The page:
Predicting the 2015 Hall of Fame class
The 46-member Pro Football Hall of Fame Selection Committee will decide the fate of the 15 modern era finalists, two Contributor candidates and one Seniors' Committee nominee in Phoenix, Arizona on January 31. The election process begins with a discussion on each of the 18 candidates before a vote is taken on the Seniors nominee and the Contributor candidates. Next, the 15 modern era finalist are reduced to 10. Another cut is made to the final five candidates. Each of the final five are voted on individually.
A minimum of 80% of the vote is required in order to be enshrined. A Hall of Fame class must consist of at least four members with a maximum of eight inductees. The 2015 class will be announced later that evening during the NFL Honors show.
Five modern era candidates will likely be a part of this year’s class. 2007 was the last time one of the final five (Paul Tagliabue) was not elected. Here’s my prediction of the 2015 Hall of Fame class.
First Year Eligible Candidates
Orlando Pace (OT)-Chicago Bears/St. Louis Rams
Pace was named first team All-NFL five times and a seven-time Pro Bowler in 13 NFL seasons. Pace compares favorably to Jonathan Ogden and Walter Jones, who were selected to the Hall of Fame in 2013 and 2014 respectively during their first year of eligibility. He is a second team tackle behind them on the All-Decade team for the 2000s. Recent selection trends favor offensive lineman. An offensive lineman has been elected to the Hall of Fame in eight of the last nine years. Pace’s stiffest offensive line competition comes from three-time finalist Will Shields.
iconSeau was a 12-time Pro Bowl selection
Junior Seau (LB)-Miami Dolphins/New England Patriots/San Diego Chargers
Seau received All-NFL honors ten times and was a 12-time Pro Bowl selection (all consecutively) in 20 NFL seasons. His 268 games played are second in NFL history among linebackers. Seau doesn’t have eye-popping raw numbers with 56.5 sacks and 18 interceptions but was the pre-eminent sideline-to-sideline linebacker of his generation. The 1990s All-Decade selection was the driving force behind the San Diego Chargers’ Super Bowl XXIX appearance, the only one in franchise history.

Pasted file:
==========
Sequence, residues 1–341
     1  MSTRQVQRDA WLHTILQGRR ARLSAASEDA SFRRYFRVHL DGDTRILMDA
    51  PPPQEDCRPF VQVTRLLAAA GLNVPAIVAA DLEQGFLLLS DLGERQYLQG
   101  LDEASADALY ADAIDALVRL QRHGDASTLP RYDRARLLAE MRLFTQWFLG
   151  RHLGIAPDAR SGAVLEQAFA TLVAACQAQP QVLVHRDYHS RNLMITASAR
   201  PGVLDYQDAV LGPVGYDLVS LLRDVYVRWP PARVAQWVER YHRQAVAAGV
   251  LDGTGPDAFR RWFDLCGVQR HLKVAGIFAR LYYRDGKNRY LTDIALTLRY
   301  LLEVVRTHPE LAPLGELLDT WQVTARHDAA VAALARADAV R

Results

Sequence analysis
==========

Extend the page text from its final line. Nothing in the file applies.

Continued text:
Kurt Warner (QB)-Arizona Cardinals/New York Giants/St. Louis Rams
Warner wouldn’t get my vote this year if I were on the selection committee. It would probably go twelve-time Pro Bowl offensive guard Will Shields instead. There hasn’t been a quarterback enshrined since 2006 when Troy Aikman and Warren Moon were inducted. Warner was a two-time first team All-Pro and a four-time Pro Bowler in 12 NFL seasons. He came out obscurity in 1999 after Trent Green tore his ACL in the pre-season to guide the St. Louis Rams to a Super Bowl XXXIV victory and earn Super Bowl MVP honors with a record 414 passing yards to cap off his MVP season. Warner was also regular season MVP in 2001. As the leader of the Greatest Show on Turf, the Rams topped the 500 point mark in three straight seasons (1999 through 2001), which is the only time the feat has been accomplished by a franchise in the NFL, and set a record for total offense with 7,075 yards in 2000. Warner doesn’t have the sustained excellence of other Hall of Fame quarterbacks because of a mid-career slump from 2002 to 2006 where he threw more interceptions (30) than touchdowns passes (27) and had an 8-22 record as a starter. He rebounded by leading the Arizona Cardinals to the franchise’s only Super Bowl appearance in Super Bowl XLIII during the latter stages of his career. History is on Warner’s side because every multiple MVP winner has been a first ballot Hall of Famer. If Warner doesn’t make it on the first try, he may have to wait until 2017 at the earliest because Brett Favre is eligible for induction in 2016.
Marvin Harrison (WR)-Indianapolis Colts